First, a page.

At the museum’s founding in 1834, the coins and medals of the former independent archiepiscopal foundation of Salzburg were an important part not only of the collection but also of the presentation. The collection grew at a significant rate in the following decades. Its development was especially encouraged by the fact that several curators were simultaneously the foremost numismatists in Salzburg at that time. Above all Karl Roll (1850–1934) made an important contribution to it – the City of Salzburg has even named a street after him. The purchase of the Roll Collection ultimately made the museum collection the most comprehensive of its kind. The inventory suffered a grave and irreplaceable loss shortly after the end of the Second World War. After American soldiers transported the holdings to Hallein in 1945 – they had been salvaged in Dürrnberg – almost half the total inventory of Salzburg coins and medals went missing, among them nearly all rare and unique objects. Since then, a number of important pieces have been bought back, among them the 20 ducat of Archbishop Firmian made by Georg Raphael Donner. Nevertheless, the missing 1504 Rübentaler (turnip thaler) and the 1790 Löwentaler (lion thaler) make a lamentable gap in the collection.
The heart of the collection consists in the Salzburg coins and medals. Coins were minted from the tenth century until 1810 with only few interruptions in Salzburg and several other cities and towns of the archiepiscopal foundation. In the Middle Ages and the sixteenth century, the coins minted here – contingent to the rich precious metal deposits in the Salzburg region – wielded great economic influence far beyond Salzburg. In the Early Modern Age important artists and dye cutters literally "put their stamp” on the appearance of the Salzburg coins and medals.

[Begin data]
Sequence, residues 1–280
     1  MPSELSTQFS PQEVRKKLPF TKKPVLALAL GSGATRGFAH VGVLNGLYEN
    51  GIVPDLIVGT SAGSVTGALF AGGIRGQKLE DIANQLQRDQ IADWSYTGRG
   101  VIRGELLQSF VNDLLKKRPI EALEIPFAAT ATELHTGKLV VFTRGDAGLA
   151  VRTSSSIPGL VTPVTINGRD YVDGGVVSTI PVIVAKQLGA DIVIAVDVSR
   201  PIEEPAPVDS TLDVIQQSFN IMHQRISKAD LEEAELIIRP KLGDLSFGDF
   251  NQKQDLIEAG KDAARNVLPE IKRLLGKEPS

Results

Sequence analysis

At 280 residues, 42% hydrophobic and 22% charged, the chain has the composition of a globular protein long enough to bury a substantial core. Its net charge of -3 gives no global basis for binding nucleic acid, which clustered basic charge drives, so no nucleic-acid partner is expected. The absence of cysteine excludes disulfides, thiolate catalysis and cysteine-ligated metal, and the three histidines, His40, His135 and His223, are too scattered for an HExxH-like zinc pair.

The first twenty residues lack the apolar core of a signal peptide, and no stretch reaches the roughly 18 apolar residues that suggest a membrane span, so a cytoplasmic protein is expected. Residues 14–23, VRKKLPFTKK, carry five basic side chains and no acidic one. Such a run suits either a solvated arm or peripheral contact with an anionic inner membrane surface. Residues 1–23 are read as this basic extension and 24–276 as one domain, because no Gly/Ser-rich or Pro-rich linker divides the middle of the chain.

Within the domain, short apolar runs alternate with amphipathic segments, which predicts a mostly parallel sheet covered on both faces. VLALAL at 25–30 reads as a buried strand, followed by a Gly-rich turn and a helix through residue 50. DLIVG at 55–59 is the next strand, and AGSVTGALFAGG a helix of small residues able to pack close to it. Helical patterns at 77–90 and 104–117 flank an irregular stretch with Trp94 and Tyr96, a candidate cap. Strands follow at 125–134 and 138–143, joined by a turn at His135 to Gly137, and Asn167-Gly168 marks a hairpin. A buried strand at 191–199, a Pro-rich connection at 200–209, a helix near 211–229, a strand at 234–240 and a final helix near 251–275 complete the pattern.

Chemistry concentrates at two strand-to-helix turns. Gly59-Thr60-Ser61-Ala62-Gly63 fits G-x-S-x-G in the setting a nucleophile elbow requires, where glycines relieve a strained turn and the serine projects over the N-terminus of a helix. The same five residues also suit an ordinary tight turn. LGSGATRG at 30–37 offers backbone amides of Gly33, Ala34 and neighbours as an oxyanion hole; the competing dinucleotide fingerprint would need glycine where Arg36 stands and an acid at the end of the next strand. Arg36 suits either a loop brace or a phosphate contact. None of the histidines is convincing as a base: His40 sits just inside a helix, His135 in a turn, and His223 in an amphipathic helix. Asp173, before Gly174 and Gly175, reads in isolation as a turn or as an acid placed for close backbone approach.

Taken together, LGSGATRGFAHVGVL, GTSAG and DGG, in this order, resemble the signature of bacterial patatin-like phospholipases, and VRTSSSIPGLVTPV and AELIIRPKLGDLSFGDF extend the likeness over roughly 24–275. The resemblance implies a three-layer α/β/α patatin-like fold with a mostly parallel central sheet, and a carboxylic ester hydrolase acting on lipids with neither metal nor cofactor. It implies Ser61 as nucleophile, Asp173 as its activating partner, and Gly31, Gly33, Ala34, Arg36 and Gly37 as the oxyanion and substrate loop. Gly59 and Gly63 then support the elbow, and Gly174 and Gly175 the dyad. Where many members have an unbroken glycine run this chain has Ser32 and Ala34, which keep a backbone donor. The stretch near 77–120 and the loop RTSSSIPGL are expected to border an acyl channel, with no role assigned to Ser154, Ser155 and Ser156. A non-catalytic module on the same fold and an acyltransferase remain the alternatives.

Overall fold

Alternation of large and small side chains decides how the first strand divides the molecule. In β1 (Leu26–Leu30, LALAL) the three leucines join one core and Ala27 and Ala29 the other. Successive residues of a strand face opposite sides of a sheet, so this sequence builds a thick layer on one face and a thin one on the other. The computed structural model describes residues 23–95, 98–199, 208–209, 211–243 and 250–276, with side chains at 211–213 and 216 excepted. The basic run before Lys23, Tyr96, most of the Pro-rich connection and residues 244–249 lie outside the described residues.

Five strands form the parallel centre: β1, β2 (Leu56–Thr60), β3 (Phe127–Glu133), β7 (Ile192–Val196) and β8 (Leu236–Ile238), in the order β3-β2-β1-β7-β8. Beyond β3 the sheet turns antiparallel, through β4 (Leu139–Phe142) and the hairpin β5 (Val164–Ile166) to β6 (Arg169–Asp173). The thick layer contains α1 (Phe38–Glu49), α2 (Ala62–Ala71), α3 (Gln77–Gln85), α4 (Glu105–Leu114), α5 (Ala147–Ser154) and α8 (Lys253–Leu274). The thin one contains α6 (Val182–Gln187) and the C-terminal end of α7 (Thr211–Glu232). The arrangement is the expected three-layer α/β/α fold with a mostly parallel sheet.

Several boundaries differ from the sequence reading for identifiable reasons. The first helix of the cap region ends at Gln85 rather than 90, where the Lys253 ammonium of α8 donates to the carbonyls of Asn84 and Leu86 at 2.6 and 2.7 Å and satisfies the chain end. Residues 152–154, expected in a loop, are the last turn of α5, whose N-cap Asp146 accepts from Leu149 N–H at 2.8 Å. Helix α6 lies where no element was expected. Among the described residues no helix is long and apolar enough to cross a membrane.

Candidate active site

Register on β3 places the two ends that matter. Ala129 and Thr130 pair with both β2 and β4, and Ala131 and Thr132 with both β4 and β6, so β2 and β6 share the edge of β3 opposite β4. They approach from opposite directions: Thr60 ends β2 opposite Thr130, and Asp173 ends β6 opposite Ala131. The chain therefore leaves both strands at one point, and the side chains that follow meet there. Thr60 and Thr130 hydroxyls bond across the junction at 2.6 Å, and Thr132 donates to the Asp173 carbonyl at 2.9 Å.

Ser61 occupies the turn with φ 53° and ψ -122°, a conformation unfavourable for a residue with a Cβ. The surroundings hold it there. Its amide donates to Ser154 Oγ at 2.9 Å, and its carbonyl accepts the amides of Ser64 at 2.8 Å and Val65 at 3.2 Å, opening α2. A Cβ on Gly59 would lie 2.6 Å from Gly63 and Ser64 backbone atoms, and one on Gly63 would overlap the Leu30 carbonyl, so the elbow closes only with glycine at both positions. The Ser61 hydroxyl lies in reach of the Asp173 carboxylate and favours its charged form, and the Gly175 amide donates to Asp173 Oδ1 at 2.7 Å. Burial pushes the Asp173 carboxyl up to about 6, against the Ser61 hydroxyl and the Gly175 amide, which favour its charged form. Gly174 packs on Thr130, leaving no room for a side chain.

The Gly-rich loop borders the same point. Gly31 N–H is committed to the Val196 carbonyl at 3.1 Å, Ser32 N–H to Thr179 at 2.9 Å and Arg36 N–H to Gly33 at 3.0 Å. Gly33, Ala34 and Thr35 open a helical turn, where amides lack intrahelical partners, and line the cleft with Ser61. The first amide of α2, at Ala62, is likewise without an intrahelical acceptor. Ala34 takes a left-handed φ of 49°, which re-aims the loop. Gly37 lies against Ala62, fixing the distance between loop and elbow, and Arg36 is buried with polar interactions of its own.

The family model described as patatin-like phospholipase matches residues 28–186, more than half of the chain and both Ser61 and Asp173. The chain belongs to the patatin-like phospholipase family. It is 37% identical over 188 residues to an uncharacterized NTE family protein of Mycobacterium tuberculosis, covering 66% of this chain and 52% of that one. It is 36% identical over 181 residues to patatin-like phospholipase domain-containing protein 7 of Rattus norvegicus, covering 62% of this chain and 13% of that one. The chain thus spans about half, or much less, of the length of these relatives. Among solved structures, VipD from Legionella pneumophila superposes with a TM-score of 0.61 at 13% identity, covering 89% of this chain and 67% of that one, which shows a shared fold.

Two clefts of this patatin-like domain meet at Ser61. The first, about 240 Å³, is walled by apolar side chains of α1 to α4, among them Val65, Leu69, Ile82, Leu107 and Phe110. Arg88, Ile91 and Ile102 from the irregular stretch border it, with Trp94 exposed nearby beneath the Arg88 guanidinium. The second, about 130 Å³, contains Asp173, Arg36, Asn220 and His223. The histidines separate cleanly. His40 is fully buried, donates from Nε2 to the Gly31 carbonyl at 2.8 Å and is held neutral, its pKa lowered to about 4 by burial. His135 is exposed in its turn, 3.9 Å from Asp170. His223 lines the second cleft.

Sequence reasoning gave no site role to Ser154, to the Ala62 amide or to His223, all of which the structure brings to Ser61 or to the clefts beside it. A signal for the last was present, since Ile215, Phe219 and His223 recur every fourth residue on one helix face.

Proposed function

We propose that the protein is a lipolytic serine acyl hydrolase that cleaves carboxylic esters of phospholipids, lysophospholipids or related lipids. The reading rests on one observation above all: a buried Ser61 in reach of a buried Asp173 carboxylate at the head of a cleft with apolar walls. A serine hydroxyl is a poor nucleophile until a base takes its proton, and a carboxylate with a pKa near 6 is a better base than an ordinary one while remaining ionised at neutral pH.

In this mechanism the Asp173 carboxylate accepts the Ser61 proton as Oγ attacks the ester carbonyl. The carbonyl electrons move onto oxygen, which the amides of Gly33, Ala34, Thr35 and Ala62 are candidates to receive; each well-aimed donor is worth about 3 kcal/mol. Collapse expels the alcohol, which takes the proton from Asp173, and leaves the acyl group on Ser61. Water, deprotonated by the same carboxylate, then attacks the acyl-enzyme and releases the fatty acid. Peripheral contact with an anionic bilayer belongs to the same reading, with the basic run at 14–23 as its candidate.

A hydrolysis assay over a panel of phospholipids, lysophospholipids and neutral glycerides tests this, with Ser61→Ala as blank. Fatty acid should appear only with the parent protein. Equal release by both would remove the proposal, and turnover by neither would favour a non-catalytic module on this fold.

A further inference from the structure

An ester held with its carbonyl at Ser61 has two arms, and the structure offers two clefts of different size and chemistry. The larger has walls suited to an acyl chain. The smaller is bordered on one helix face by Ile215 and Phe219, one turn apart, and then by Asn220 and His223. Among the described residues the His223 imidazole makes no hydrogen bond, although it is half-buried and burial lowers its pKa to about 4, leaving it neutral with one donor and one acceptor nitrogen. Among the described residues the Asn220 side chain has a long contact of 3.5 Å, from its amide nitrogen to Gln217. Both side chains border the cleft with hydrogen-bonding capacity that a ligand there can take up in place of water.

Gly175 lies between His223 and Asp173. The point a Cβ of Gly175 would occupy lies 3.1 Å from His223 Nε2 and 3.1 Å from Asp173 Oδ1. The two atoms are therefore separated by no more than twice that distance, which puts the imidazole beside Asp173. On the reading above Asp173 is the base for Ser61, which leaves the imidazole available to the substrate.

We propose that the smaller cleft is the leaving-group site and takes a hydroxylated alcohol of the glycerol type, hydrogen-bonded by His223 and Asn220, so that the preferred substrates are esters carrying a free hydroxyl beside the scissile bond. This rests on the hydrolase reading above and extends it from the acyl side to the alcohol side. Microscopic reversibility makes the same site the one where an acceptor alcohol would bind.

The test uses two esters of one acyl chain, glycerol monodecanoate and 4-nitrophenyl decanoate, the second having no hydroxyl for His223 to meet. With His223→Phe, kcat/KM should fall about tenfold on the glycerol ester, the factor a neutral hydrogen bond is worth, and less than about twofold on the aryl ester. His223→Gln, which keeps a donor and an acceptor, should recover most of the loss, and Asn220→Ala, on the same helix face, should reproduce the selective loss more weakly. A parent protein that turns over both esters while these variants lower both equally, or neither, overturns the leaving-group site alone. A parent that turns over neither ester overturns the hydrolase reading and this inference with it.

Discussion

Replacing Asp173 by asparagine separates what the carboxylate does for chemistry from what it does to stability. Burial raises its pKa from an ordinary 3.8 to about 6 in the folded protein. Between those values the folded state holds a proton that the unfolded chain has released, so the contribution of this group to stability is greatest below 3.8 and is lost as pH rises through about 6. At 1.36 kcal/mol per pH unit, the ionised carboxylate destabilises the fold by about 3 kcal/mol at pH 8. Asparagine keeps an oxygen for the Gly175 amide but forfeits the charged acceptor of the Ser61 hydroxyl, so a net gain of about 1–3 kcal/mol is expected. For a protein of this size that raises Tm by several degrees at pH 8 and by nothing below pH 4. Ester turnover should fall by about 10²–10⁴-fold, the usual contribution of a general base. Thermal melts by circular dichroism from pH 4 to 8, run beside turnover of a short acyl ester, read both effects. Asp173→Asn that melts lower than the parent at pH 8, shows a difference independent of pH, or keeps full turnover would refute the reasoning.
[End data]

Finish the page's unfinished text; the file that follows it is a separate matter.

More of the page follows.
The collection contains an extensive inventory of banknotes and paper money. A focus here is put on the local emergency issue of money after the First World War, some of which was designed by well-known artists, such as Anton Faistauer.
More then 500 seal stamps show a spectrum of archiepiscopal seals since the eleventh century, from Salzburg guild seals to those of greatly diverse Salzburg institutions and persons. These are joined by original and later seal impressions and seal marks usual to the nineteenth century.
Worthy of mention here from the orders, distinctions of honour and insignia are the insignia of the Salzburg Ruperti Order of Knights, the Chapter Cross of the Salzburg Cathedral Chapter and a great number of Tuscan orders, which the museum received from the Habsburg-Tuscany dynasty.
Moreover, the Salzburg Museum also houses the most comprehensive medieval treasury of coins in Austria. In 1978, more than 28,000 silver coins were discovered in the house on Judengasse 10. Besides a great number of pfennigs from Salzburg and the neighbouring mints, the trove also contained Venetian, Serbian and French coins.
The main focus during recent years of new acquisitions for enlarging the inventory lies on the restitution of Salzburg coins and medals stolen in 1945. At present, the museum is endeavouring to purchase the diverse mintage and other numismatic objects with a reference to Salzburg, pre-eminently of the twentieth century. The collection range includes artistic medals made by Salzburg medailleurs, coins commemorating famous Salzburgians, first and foremost Wolfgang Amadeus Mozart, also medals and insignia relevant to Salzburg events and locations.
Numismatic objects can mainly be seen in the Neue Residenz. Here, the Bishops’ Hall is devoted entirely to Salzburg coins and medals, from Archbishop Mark Sittich von Hohenems to Hieronymus Colloredo. Individual coins and medals on specific themes, for instance the construction of the cathedral, are also on show.